واحدة منا فقط حصلت عليها .

كنا حفاة ، والدم بسيل أنهارا من أقدمنا ، لم تكن هناك سماء أو أرض ؛ فقد طويت كطي السجل للكتب ،

هل يمكنك تصور ذلك ؟!

بقيت فقط الجنة والنار والطريق الذي بينهما ، اذهاننا اختلت ، وأفرغت من كل التصورات ، أو الذكريات ، الشيء الوحيد الذي بقي من أيام الزمن الجميل كانت هيئاتنا البشرية .

فقدنا صديقين في ذلك الطريق الحاد والمستقيم جدا ، وأيضا صديق آخر علق في منطقة تسمى باﻷعراف ، أخبرنا أنه قاتل مع طارق بن زياد في إحدى معاركه بدون إذن والدته.

لم أكن لأفضل رفقة رجل جاهد مع ابن زياد وبدون إذن من والدته !

وأخيرا وصلنا أبواب الجنة ، تنفسنا الصعداء جميعا عندما رأينا جناحا رضوان الخضراء .

كنا آخر سبعة دخلوا إلى الجنة ، و بعد أن اغتسلنا في نهر الحياة ، تغيرت أشكالنا ، وصار لوننا نحن الفتيات الأربعة خلاصة كل الألوان مجتمعة في أجسادنا المصنوعة من الكريستال ، سألنا الملك المشرف على ترفيهنا ما إذا كنا نرغب بلقاء ربنا ، واحدة منا أرادت ذلك ، وأخرى طلبت الإجتماع مع أهلها ، في هذه الأثناء صديقنا المتحرش اندس في بحيرة كانت تغتسل فيها حور لإحدى الصالحات ، وبدأ عمله فورا ، ابتسم له الملك وأخبره أن له سبعون يشبهن مثلهن .

فعلة صديقي تحمل في الجنة اسما آخر ، وبالتالي فهي لا تعتبر جربمة ؛ لأن الحور لم تخلق إلا لمتعة الرجال من اهل الجنة ، وأيضا نساء الدنيا ادخلن فقط لهذا الغرض .

الأربعة الباقون قرروا الإحتفال ، جاءتنا سرر مرفوعة تطفو كالسفنة على السطح ، حملتنا إلى خيمة واسعة ، وجميلة ، هذا كل ما يمكنني القول عنها ، كنت فاتنة وأنا متكئة على ذاك السرير ، أتتنا طاولات لا نهاية لها مليئة بفواكه تتلألأ وتأتي إليك بنفسها ، وشربنا حتى الثمالة بأكواب موضوعة .

احتفالنا استمر لمدة خمسين سنة .

كانت الجنة تعج بالنساء على عكس ما توقعت ؛ فكل رجل كانت له أكثر من خمسين امرأة ، وهكذا فالنساء كن أضعافا مضاعفة بالنسبة للرجال .

بعد قرن من الزمن كنت أعيش فيها عيشة رغيدة وضجرة ،

وكنت اتمنى لو علقت مع المجاهد ، أو أن لا بنفتح قبري خطأ وأبقى منطوية مع الأرض إلى الأبد ، حينها جاء أحد صديقاي من النار بعد أن عفى الله عنه وأدخله في فسيح جناته ، ويبدو أنه – مثلي – مل من النساء والرجال إلى آخر تلك المياعة قال لي “وهل أنا طفل رضيع كي أشرب تلك الكمية من اللبن كل يوم” ثم أخبرني عن جهنم ، كانت مليئة بالأحداث المثيرة ، تحالف نابليون مع استالين ويصارعون في حكم سقرة حلفا آخر مكونا من الفايكنغ برئاسة هتلر ومعه أبوجهل ونتنياهو المتعاركان بدورهم ،[حدث في النار أن تحالف هتلر مع الساميين ] وقال أن سقرة يحكمها حلف نابليون .

بعض من شياطين الإنس انقلبوا على حراس زمهريرة ، ويخوضون حروبا ضارية ضد مالك .

اسكندر الأكبر أمر جميع العلماء الذين كانوا فيها – وفي الحقيقة كلهم موجودون هناك – أن يقوموا باختراع سلاح يمكنه من الإستيلاء على النار ومن بعدها الجنة وربما على العرش وإبليس يقدم مشوراته كالعادة.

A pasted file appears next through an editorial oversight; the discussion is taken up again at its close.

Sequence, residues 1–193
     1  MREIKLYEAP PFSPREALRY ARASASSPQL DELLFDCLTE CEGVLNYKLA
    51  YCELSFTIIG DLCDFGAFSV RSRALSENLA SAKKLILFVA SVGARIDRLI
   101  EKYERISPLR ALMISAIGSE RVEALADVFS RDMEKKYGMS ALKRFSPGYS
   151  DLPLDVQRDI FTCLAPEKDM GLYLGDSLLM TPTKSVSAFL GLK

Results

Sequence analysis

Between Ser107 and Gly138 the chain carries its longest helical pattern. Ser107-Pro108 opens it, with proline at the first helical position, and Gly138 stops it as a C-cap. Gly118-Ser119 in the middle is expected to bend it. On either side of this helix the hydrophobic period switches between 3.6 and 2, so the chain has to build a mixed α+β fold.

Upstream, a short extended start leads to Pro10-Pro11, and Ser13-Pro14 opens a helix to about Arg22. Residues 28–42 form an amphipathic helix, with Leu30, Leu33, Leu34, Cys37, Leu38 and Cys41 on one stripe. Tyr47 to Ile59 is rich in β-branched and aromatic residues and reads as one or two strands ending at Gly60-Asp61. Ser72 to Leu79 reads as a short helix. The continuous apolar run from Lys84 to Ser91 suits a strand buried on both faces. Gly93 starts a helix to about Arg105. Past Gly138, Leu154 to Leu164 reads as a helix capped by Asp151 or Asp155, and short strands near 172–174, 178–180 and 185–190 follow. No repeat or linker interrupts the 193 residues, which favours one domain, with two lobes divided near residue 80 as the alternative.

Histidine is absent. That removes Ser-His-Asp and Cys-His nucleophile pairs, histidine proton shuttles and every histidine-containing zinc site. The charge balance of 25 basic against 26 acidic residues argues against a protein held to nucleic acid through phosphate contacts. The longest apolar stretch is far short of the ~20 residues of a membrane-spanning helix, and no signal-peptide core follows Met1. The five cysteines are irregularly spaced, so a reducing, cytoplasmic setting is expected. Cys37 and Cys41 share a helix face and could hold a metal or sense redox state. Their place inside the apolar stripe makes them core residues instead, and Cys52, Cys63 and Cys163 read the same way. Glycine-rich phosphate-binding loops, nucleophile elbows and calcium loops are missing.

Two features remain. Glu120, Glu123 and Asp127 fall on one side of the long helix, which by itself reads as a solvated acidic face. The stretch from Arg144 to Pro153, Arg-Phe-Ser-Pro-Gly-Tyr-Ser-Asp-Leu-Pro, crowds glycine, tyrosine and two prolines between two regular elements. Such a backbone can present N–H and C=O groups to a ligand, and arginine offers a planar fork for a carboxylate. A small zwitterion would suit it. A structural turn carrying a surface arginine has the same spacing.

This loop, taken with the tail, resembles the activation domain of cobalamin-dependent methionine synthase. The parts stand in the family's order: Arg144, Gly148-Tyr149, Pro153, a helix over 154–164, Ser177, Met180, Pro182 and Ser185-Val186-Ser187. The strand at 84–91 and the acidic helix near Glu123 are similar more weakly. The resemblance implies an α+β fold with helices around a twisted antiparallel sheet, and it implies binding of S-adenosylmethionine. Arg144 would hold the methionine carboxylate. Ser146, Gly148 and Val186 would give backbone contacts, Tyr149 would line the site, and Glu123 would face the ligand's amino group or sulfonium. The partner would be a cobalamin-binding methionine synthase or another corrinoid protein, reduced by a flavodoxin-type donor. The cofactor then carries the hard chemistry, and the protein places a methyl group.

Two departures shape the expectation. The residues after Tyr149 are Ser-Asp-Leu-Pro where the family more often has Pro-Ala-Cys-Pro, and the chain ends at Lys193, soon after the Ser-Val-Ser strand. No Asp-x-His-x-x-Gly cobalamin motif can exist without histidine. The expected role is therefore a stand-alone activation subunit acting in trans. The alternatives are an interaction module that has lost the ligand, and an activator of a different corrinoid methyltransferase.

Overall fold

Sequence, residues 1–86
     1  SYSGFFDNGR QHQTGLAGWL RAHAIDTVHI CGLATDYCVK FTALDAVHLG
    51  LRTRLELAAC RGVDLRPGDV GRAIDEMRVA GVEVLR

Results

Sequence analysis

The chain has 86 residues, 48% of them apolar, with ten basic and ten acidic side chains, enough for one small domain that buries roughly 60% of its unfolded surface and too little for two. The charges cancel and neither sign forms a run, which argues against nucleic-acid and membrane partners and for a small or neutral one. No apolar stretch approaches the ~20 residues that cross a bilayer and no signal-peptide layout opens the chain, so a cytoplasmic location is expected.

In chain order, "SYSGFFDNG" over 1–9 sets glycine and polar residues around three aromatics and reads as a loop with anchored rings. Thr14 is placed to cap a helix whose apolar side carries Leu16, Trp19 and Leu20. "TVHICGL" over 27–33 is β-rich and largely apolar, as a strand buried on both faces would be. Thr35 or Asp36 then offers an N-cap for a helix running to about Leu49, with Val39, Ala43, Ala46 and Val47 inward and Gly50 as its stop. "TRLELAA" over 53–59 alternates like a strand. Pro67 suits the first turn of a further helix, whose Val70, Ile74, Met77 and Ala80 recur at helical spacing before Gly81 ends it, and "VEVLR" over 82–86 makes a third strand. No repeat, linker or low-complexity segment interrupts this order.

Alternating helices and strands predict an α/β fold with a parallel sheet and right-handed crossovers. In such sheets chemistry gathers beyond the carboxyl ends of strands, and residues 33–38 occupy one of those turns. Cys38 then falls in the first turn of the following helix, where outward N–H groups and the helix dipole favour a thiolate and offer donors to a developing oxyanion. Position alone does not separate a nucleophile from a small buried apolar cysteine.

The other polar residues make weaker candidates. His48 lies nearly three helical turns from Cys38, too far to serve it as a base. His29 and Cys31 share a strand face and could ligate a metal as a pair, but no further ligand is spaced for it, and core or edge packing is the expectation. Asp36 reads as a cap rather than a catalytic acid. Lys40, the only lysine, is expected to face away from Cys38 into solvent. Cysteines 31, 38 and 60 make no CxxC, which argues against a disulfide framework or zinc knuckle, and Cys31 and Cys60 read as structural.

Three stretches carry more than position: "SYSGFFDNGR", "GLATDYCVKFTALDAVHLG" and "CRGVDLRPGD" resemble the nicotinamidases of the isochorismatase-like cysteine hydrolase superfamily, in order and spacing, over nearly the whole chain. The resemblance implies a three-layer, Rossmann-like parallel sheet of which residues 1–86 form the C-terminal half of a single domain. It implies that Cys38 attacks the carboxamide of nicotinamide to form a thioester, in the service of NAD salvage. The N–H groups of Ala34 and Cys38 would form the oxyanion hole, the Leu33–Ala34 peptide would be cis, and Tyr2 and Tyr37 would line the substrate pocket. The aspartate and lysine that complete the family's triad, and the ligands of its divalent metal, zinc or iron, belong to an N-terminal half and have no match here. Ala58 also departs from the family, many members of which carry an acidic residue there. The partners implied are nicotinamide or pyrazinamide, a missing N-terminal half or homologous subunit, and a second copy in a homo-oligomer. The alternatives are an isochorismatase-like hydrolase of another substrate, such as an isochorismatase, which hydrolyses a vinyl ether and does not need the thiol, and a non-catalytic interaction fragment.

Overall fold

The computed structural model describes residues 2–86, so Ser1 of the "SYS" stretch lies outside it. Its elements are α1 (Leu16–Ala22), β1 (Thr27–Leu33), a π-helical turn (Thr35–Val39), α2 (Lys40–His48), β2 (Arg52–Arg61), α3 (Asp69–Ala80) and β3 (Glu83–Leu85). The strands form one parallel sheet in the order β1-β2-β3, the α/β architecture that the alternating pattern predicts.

الطموحون في الدنيا طموحون في الآخرة .

وودي آلان يخرج فيلما كوميديا عن أهل الجنة ويعرض في سينما [الحطمة ] المزدهر ، في الدرك الخامس بعد أن يتم شي المشاهدين وتبديل جلودهم .

كتيبة من الملائكة حضرت الفيلم .

الحكماء والفلاسفة يجزمون أنهم في الجنة وأن النار تقع في الجانب الآخر .

شكسبير يكتب نهاية سعيدة لروميو وجولييت ، وكل العشاق اجتمعوا معا .

أنا وصديقي عرفنا أننا جزء من تلك الأحداث وأننا لا ننتمى إلى الجنة ، دلتنا الأفعى وقطفنا تفاحة ، فلما ذقنا الشجرة بدت لنا سوءاتنا وقيل لنا اهبطوا بعضكم لبعض عدو ، ولكم في الأرض مستقر ومتاع إلى حين ، وأصبحنا آدم وحواء المطرودين من الأعلى .

صحوت وأنا أنتظر بفارغ صبر [ذلك الحين ].


Marinna Shareef (Artist) is a 20 year old Trinidadian multidisciplinary artist who specialises in manipulating both digital and physical media to portray her everyday feelings. She is inspired by the magnitude and mystery of her emotions that she experiences as someone who deals with bipolar disorder, using visual imagery to organize her thoughts into a way that she can better understand.

I’m Melting
Mixed Media collage on greyboard.
This piece depicts how a depressive episode feels when I’m fighting the urge to give up.

Instagram: @mahrinnart
YouTube: MarinnaS

Saloomi (Author) graduated from Hargeisa University, and writes in both Arabic and Somali. Saloomi resides in Hargeisa.

Dhambaal Ka Socda Jilka Dhalan Doona

47 - Nujum Ahmed Hashi for Khaled M. Saed

“Hadallo ka soo baxaya af aan wali dilaacin, fikiro dhex mushaaxaya maskax aan wali amabaqaadin, indho aan wali ifka u soo bixin, jidh aan dareemin milica cadceeda, san aan wali carfin udduga ubaxa, Haddana qaabaynaya nolosha uu ku noolaan lahaa.”

Laga yaabaa in la idiin kala sheekeeyay, laga yaabaa in aad ku kortay deegaan ku xardhan midabyo kala duwan, laga yaabaa in aad qol madow ugu jirto beelaysi aan macno ku fadhiyin, laga yaabaa inaad fikirkaaga iyo cududaada siisay siyaasi aan dantiisa moogayn, laga yaabaa in aanad wali u soo if bixin quruxda dabiiciga ah ee adduunka, laga yaabaa in aanad wali indho dilaacsan oo fikirka tolmoon aad ka arag la’dahay, laga yaabaa in aad ka hayaantay dhulkaagii Hooyo, laga yaabaa in aad ka nixisay hooyo u heelanayd horumarkaaga, laga yaabaa in aad ka farxisay danayste aan dan kaa lahayn, laga yaabaa in aad musuqmaasuq ka carartay, laga yaabaa in aad cadaalad darro ka cadhootay, laga yaabaa inaad u fikiri wayday si togan, laga yaabaa inaad isleedahay ii hiili, laga yaabaa in lagu jiho wareeriyay ood kala garan wayday jiho aad u socoto, laga yaabaa in hore aan looga fikirin aayahaaga danbe, laga yaabaa in aad walaalkaa u damqan wayday, laga yaabaa in aad ka wayday garabkaad ku lahayd, laga yaabaa inaad ku gubatay dab shisheeye dhigay, laga yaabaa in aad ii garaabi waydo.